In the late 1700s, the British Royal Navy served limes aboard its sailing ships to fight off scurvy. Today limes are used to add some zip to margaritas or to flavor a classic key lime pie. The different types of lime trees found in the United States include key lime trees, Tahitian lime trees and Thai lime trees. They produce slightly different fruits, but all do best in hot climates.

Homegrown limes add just the right zip to margaritas and fish tacos.
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Backyard lime growers have a variety of sizes and flavors to choose from.

Key Lime or Mexican Lime

The key lime, or Mexican lime (Citrus aurantifolia), is a small tree that tops out at about 20 feet tall. It thrives in U.S. Department of Agriculture plant hardiness zones 9 to 11, and can live for 150 years. The tree is an evergreen, with glossy, medium green leaves, either elliptical or oblong in shape. The crown is dense, making the key lime an excellent shade tree. The bark is smooth and dark brown in color. Some trees have thorns.

White, fragrant flowers bloom in spring, averaging 2 inches in width, and can be solitary or in small groups. When they first emerge, the petals have a slightly purple tinge that fades quickly. Flowers have both male and female parts, known as perfect flowers.

Each trees produces many limes. They are round, yellow to green, and usually measure 2 to 3 inches in diameter. The limes start out with a green peel, but as the fruit ripens it turns pale yellow and can be rough or smooth. The flesh is greenish-yellow, fragrant, juicy, flavorful and filled with varying amounts of seeds. Key lime normally fruits in winter, but is also known to produce fruit during the spring and summer.

Tahitian Lime or Persian Lime

The Tahitian lime (Citrus latifolia), also called the Persian lime, thrives in USDA zones 9 to 11. It is believed to be a hybrid of the Mexican lime and either citron or lemon. Trees grow up to 20 feet tall, with widespread branches and fewer thorns than the Mexican variety.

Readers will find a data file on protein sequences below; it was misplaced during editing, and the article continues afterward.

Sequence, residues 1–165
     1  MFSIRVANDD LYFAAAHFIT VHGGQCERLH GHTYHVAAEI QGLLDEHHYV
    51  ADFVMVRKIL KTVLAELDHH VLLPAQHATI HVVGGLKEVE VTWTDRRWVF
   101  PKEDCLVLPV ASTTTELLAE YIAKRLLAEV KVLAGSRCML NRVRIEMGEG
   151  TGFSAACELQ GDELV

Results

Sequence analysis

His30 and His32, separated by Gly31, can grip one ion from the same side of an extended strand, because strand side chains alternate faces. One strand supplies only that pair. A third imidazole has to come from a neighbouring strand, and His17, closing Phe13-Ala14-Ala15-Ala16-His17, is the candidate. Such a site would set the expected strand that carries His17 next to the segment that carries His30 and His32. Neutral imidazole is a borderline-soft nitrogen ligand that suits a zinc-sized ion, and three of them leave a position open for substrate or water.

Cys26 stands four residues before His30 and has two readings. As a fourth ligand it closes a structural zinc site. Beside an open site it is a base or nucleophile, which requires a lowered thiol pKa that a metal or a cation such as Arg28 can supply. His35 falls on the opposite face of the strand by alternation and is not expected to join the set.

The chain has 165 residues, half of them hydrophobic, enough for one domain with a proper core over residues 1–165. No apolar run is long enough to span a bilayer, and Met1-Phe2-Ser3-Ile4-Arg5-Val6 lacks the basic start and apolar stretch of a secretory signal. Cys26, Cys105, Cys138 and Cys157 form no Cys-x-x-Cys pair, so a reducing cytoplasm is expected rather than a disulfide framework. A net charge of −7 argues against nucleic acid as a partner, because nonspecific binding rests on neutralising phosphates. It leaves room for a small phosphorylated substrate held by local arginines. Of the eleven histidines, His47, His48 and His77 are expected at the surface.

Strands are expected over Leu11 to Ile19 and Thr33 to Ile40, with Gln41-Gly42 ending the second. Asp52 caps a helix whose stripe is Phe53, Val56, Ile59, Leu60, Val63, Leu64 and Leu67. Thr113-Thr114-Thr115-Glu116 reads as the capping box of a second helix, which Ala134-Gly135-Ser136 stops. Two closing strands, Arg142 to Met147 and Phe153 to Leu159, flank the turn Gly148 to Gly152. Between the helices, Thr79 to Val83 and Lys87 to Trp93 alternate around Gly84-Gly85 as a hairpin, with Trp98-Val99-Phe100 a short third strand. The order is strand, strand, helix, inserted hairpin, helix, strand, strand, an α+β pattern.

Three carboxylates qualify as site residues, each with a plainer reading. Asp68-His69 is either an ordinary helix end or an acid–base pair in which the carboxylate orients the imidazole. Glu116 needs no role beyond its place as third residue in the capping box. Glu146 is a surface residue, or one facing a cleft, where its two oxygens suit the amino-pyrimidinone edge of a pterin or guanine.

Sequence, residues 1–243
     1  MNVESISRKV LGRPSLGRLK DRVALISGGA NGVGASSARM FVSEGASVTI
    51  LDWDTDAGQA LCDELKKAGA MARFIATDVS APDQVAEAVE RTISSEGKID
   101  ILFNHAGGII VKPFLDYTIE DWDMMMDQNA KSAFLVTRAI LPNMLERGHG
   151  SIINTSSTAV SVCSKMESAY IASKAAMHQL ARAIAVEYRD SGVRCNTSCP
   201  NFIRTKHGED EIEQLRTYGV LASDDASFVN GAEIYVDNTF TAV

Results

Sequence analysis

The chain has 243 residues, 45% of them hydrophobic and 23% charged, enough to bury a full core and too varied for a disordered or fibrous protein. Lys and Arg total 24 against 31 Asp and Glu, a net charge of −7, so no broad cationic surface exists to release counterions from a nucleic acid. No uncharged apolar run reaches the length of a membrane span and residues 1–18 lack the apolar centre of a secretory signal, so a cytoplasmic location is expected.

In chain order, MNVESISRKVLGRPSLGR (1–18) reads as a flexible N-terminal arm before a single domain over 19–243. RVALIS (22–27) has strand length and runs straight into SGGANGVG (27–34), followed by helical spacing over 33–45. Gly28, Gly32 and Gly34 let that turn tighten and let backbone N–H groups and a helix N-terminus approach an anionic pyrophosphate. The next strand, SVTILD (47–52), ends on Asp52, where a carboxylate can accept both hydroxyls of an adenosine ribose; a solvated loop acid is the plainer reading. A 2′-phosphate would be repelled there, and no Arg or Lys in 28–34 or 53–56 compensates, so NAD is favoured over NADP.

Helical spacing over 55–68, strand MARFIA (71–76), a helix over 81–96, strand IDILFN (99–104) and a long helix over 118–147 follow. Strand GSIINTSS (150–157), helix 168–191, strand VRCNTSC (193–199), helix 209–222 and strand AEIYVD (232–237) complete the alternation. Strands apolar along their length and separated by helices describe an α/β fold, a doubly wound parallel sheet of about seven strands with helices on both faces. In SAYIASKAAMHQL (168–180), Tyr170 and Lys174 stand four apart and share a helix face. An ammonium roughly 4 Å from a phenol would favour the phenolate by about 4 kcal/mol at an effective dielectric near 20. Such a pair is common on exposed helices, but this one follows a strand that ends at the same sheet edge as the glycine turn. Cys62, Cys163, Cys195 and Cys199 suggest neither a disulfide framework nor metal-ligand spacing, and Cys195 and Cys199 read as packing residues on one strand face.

The leaves are a medium green and shaped like the head of a lance. They have winged petioles, or pronounced stems. Young shoots have a purplish tinge that soon fades. Flowers can bloom year-round but are most prolific in January. They are white with a slight purple tinge. The limes produced by these trees are usually seedless. Each is between 2 and 3 inches long and up to 2.5 inches wide, with a greenish-yellow rind when ripe.

Thai Lime or Kaffir Lime

A native of Southeast Asia, the Thai, or kaffir, lime tree (Citrus hystrix) requires slightly warmer temperatures than other types of lime trees. It thrives in USDA zones 10 to 12. While it often grows as a shrub, it can also grow to 25 feet tall. The species name, hystrix, comes from the Greek word for hedgehog. It was bestowed on this lime because of the many thorns on the branches.

The Thai lime tree is mostly grown outdoors in California and Florida. In cooler climates, Thai lime can be potted and grown indoors. Indoor plants require lots of sunlight and frequent watering and misting. Ideally, the plants can be set outside during the warmer seasons and brought back indoors when the average temperature falls below 60 degrees Fahrenheit. This tree is an evergreen. Its glossy, double leaves are aromatic when crushed. The leaves are often used in Asian dishes and marinades. Thai lime flowers throughout the year, with white-petaled blooms found in small clusters of four or five. The fruit is roundish, green, with a bumpy rind and can grow up to 2 inches in diameter. The pulp flavor is acidic, but there is little juice. The pulp, as well as the sour-tasting bumpy rind, are often diced or grated and used in cooking.